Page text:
“We need to get the attention of heads of state,” he said.
11:34am GMT: Martin Khor, Director of the South Centre, is talking at the press briefing of the Third World Network. He’s focusing on the elephant in the Durban room:
the central issue here is whether certain developing countries are no longer developing and have to take on the same obligations as developed countries as a condition of the US to do something
Martin reports that he heard the US delegation say yesterday that it would require “symmetrical obligation” as the condition for joining a legally binding agreement.
His response is to remind us of the league table of per capita carbon dioxide emissions. China’s emissions are 5.5 tonnes per capita per annum which is 77th out of 218 countries, Brazil is 122nd and India is 138th with just 1.5 tonnes per capita.
Martin’s core point is that it is impossible for these countries to engage in emissions reduction of comparable ambition to the US without denying their people the right to living standards of comparable quality to the US.
12:07pm GMT: In their briefing just concluded, the Third World Network has supported its case – that the US and other rich countries are asking too much of the so-called “major emitters” like India and China – by repeated reference to a study by the Stockholm Environment Institute.
Lim Li Lin stressed how important are the results of this June 2011 paper which concludes that the pledges put forward by developing countries exceed those on offer by the historic polluters.
I cannot imagine a more formidable panel to discuss the Kyoto Protocol and its future than Chee Yoke Ling, Lim Li Lin and Martin Khor – all of them veterans of the legal dotted lines of these conferences.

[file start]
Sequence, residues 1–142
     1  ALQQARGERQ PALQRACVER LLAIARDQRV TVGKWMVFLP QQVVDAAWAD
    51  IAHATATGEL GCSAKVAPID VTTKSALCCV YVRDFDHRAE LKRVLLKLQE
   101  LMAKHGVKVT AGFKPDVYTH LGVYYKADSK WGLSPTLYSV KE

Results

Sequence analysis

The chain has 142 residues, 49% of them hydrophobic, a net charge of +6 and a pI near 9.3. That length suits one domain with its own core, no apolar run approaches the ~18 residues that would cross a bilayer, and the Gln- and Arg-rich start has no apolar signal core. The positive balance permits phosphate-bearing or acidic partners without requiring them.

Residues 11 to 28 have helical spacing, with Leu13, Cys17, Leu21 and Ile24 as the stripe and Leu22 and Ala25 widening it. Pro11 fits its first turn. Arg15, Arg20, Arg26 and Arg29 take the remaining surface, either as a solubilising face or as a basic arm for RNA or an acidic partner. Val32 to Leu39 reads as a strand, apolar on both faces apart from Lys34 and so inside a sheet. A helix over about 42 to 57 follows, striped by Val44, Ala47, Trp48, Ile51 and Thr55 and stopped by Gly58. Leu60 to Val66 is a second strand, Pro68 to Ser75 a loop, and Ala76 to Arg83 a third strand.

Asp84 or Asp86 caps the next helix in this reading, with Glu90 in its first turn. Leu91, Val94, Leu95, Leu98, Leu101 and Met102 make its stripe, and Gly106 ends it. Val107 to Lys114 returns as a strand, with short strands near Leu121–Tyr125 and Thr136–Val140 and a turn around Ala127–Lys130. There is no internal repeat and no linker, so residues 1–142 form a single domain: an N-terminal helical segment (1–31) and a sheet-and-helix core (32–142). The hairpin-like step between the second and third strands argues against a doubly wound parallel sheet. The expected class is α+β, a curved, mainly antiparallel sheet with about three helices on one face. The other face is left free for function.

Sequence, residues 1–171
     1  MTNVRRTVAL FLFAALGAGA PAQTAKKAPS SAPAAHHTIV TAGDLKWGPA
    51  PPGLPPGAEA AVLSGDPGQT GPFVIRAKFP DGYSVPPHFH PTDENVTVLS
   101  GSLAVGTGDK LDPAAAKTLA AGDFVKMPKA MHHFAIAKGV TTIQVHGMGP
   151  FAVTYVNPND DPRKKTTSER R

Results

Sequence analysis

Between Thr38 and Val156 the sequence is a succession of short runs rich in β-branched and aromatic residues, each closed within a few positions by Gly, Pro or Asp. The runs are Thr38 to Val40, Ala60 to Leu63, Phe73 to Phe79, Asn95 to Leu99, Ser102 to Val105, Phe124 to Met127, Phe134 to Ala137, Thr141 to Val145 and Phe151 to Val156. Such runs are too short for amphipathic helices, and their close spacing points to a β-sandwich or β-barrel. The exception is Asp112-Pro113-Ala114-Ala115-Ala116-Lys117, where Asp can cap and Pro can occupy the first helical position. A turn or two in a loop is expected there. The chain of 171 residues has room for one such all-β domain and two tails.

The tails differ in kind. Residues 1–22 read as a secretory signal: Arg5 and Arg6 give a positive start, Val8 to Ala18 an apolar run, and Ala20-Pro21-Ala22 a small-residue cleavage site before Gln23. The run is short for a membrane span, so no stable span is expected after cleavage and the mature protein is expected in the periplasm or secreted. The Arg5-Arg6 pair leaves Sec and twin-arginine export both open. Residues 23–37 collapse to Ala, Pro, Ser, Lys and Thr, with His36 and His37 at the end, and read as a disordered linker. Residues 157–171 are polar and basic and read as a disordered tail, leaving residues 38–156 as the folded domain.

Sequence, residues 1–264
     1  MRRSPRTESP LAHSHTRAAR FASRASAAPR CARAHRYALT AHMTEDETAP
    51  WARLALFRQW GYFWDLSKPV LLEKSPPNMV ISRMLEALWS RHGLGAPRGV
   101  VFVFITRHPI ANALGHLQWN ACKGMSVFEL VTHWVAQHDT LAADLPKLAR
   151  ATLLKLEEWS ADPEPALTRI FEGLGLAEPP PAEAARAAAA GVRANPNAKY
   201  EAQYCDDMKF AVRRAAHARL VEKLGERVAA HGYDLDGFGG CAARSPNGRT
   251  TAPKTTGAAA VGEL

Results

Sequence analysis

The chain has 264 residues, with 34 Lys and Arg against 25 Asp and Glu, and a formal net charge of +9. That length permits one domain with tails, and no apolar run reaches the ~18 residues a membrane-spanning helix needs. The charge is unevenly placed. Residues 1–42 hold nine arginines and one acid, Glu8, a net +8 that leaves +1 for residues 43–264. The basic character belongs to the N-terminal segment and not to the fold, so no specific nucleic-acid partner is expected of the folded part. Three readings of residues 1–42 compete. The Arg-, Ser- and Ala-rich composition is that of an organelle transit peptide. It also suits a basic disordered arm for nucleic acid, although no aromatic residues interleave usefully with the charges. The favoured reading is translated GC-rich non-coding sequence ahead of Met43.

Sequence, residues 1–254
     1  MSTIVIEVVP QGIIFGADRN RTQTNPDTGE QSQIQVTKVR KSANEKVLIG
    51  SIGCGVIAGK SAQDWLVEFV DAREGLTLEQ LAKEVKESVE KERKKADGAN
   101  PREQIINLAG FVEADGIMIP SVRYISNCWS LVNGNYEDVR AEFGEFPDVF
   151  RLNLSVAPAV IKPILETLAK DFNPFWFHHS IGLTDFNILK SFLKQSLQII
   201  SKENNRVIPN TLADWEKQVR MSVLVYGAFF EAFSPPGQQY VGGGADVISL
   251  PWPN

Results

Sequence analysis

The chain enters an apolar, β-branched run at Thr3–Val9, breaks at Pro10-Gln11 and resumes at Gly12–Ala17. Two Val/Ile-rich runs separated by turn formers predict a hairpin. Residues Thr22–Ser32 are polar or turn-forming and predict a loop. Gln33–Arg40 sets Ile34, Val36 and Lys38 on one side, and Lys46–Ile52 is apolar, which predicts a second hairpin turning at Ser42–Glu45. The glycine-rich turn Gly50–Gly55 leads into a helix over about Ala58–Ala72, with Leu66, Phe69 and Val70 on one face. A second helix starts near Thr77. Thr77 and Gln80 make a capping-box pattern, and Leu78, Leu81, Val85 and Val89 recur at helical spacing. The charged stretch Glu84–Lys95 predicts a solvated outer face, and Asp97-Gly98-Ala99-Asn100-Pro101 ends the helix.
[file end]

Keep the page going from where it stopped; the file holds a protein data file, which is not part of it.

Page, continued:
Putting these three in the same room is akin to creating the atomic nucleus of the 15,000 ordinary mortals inside a UN climate conference. No wonder that not a single journalist dared to ask a question when it was over.
If I had the luxury of snatching a ten minute coffee-break in the Durban corridors and the indulgence of seeking out two ladies for a little genial banter, Ms Chee and Ms Lim would be the dream team.
But on second thoughts maybe not. I would freeze out of fear that casual mention of the Kyoto Protocol would turn my sugar lump into gelignite.
1:21pm GMT: Today the US briefing is all about negotiations with the EU on its “new” proposal to press all parties into discussions now to agree their eventual full participation in a legally binding agreement on emissions reductions. Jonathan Pershing, deputy special envoy for climate change and head of the US delegation said:
some countries want it; some don’t want it. The major emerging economies have indicated strong resistance to taking on legally binding obligations. In that case the US is also unable to consider legally binding obligations
Which means there haven’t yet been any discussions in Durban with the EU about its roadmap, as Pershing conceded.
The US head was back on top form, at his most convincing in persuading us to believe that the Cancun agreements represent a major breakthrough on climate change. “We reject the notion that action is dependent on legalities,” he said. More progress can be made by focusing on what is politically possible.
As for his famous remark that there are infinitely many paths to reach the goal of stabilising the climate, Pershing seems unrepentent, despite the criticism it has attracted. Indeed this comes across as something of a pet subject on which his thoughts rattle off at such speed and duration that I lost the thread. Sorry about that.
this post was first published by OneWorld UK